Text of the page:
Wednesday, January 6, 2016

Review: Saint Maybe, by Anne Tyler

Where lies the nexus between obligation and love? This is a question that author Anne Tyler tackles in her 1991 novel Saint Maybe, about a family altered by tragedy and forced to confront the responsibilities that fate bestows upon them against their wishes. Along the way, we learn that all love carries with it some form of duty, and all duty, even when it’s not of our immediate choosing, can bring with it a kind of love.

As the novel opens, in the late 1960s, the Bedloe family of Baltimore, MD appears to have an idyllic life: Breading winning father, loving homemaker mom, and three children at the cusp (or just beginning) their adult lives and destined for happiness and success. Youngest son Ian is in his last year of high school; middle child Danny is a couple years out and has a good job at the post office; and eldest daughter Claudia is happily married and popping out the babies. But their perfect lives take a turn when Danny announces that he has fallen in love with a mysterious customer at the post office, a divorcee named Lucy who has two small children from her previous marriage, Agatha and Thomas. The Bedloes are somewhat stirred up by the sudden appearance of this strange woman in their lives, but are supportive when Danny announces that he and Lucy are rapidly getting married.

Seven months later, Lucy gives birth to their daughter Daphne, whom everyone claims was simply premature. But Ian grows suspicious, and he soon begins to think that there is more to Lucy than meets the eye. Convinced that she is cheating on his brother, Ian confronts Danny about his suspicions. Shortly thereafter, Danny is involved in a fatal car accident that may have been a suicide. The Bedloes are now on the hook to help Lucy with her children, even if one of them may not even be their own blood.

Things get complicated further when Lucy’s life spirals out of control and she dies from an overdose of sleeping pills. Now her three kids are orphans, and Ian, feeling guilty that his (as it turns out, unfounded) suspicions about Lucy caused his brother’s suicide, and, by extension, Lucy’s death, turns to an obscure religion called the Church of the Second Chance to help with his troubled conscience. The minister, a man named Reverend Emmett, tells Ian that he cannot simply ask God for forgiveness. He must act in order to be forgiven.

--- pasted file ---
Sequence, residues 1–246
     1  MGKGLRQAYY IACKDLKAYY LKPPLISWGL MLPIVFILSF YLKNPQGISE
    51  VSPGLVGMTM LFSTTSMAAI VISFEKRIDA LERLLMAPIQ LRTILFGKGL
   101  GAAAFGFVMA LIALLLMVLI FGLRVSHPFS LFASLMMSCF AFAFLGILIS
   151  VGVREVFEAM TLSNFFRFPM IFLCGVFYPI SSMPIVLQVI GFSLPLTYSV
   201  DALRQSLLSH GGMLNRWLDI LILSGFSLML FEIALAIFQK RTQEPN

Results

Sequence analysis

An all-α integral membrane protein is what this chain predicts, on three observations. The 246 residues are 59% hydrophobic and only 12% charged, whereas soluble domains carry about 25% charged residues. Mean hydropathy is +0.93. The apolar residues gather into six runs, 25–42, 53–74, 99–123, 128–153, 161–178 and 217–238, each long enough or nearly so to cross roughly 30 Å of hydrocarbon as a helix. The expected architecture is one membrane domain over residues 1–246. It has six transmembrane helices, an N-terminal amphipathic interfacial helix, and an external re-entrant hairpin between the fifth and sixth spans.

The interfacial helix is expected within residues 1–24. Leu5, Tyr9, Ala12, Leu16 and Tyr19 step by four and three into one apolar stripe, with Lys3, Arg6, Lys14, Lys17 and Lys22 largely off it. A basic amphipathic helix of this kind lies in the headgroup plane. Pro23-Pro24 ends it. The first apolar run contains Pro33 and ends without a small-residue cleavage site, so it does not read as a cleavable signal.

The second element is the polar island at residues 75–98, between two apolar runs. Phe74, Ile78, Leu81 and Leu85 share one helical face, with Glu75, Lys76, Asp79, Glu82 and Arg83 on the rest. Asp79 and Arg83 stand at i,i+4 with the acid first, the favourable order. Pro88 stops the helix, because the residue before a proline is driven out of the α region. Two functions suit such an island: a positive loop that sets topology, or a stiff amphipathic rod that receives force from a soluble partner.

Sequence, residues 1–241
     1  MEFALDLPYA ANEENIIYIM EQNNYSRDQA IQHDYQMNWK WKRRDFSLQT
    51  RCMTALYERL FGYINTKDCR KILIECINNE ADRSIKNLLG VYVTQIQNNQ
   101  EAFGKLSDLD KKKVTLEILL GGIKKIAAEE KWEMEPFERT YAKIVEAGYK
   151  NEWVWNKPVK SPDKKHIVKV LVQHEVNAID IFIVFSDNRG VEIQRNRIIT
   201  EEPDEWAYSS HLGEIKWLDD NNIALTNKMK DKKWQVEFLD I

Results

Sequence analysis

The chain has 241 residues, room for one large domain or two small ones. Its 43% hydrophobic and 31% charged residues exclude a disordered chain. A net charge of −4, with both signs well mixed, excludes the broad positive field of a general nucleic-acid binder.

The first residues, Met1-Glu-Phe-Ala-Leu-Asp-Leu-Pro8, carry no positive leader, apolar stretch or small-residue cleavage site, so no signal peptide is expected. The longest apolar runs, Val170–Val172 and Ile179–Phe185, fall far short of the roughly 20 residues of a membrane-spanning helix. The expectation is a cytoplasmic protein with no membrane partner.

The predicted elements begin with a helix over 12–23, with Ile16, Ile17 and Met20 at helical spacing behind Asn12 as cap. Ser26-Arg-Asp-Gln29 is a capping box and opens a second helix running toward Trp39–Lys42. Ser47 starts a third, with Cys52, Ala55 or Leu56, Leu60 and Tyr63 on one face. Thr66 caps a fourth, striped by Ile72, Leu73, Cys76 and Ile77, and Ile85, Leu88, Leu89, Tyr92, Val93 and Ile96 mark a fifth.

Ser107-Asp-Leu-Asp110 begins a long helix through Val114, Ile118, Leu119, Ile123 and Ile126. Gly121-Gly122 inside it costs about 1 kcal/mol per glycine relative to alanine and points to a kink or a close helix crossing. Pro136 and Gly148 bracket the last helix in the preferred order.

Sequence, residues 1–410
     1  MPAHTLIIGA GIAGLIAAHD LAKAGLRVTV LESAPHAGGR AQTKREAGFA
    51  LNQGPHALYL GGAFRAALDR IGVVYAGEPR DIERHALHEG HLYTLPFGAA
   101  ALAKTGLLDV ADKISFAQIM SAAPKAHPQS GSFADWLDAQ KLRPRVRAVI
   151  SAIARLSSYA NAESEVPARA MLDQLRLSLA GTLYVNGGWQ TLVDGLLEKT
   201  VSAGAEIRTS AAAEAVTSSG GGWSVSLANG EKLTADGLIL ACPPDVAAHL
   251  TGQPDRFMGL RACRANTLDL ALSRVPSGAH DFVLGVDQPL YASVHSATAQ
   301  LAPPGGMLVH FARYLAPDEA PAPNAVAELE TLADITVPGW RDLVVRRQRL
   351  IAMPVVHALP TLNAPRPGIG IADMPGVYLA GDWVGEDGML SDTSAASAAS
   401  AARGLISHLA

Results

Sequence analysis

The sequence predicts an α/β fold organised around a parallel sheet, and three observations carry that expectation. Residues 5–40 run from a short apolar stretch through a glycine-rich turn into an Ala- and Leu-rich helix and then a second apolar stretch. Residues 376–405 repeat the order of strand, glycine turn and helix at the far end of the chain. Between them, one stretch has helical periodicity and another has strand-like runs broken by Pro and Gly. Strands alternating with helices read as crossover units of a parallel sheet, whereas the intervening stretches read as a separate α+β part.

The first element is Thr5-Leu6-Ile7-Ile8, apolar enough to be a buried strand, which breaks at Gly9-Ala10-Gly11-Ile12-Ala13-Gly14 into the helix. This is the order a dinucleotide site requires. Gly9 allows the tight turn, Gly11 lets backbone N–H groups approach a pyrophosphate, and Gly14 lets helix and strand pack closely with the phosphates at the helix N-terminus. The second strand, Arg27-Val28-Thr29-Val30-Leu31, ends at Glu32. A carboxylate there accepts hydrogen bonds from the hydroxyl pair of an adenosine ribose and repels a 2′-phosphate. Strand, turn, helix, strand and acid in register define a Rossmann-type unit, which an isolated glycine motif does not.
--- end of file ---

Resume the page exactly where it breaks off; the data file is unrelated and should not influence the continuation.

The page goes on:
So Ian steps up to the plate to raise the children himself. By now he has completed less than a year of college, but drops out to assume the role of parent. He takes a blue-collar carpenter job to pay the bills. The years pass, and the novel details how Ian comes to raise these children who have a tenuous connection to him at best, and how the act of doing so causes opportunity after opportunity to pass him by. Even as the children age and find love and ambitions and desires of their own, Ian is forever saddled by both his guilt and by his devotion to his religion that keeps him in this position of penitence. The decades pass. Near the end of the novel, with Ian now in his early 40s and Daphne, Agatha and Thomas all grown up, Ian finds love with a 30-year-old woman named Rita. The problem? She wants to have kids, but Ian feels that that phase of his life has already passed. But the nexus of love and obligation meets again, and Ian ends up giving Rita what she wants and finds a way to make himself happy even though their wishes do not align.

There is obviously a lot going on in this expansive novel, but Saint Maybe never feels tedious or overwritten. Like a lot of Tyler’s writing, this novel seems to slip between genres. In this way, it reminds me a little of the works of John Irving: not quite commercial fiction, but not quite reliably literary either. What we do have here are the tropes of family and devotion and God and the sheer drudgery that is sometimes needed to meet the demands of each. Saint Maybe reminds us that the structures of our self image and the obligations that life that throw randomly at us are not necessarily at odds. They can be inescapably bundled together, and even in the face of something terrible happening that we did not expect, we can still use the vagaries of fate to build a life for ourselves that has meaning and purpose.

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